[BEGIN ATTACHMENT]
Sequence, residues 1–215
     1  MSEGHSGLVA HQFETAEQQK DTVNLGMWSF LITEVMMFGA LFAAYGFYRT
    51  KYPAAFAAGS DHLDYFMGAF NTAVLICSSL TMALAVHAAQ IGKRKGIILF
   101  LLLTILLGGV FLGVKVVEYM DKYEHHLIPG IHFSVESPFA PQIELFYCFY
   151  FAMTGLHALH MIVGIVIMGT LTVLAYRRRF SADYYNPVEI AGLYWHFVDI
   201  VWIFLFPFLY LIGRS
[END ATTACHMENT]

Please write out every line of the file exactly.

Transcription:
Sequence, residues 1–215
     1  MSEGHSGLVA HQFETAEQQK DTVNLGMWSF LITEVMMFGA LFAAYGFYRT
    51  KYPAAFAAGS DHLDYFMGAF NTAVLICSSL TMALAVHAAQ IGKRKGIILF
   101  LLLTILLGGV FLGVKVVEYM DKYEHHLIPG IHFSVESPFA PQIELFYCFY
   151  FAMTGLHALH MIVGIVIMGT LTVLAYRRRF SADYYNPVEI AGLYWHFVDI
   201  VWIFLFPFLY LIGRS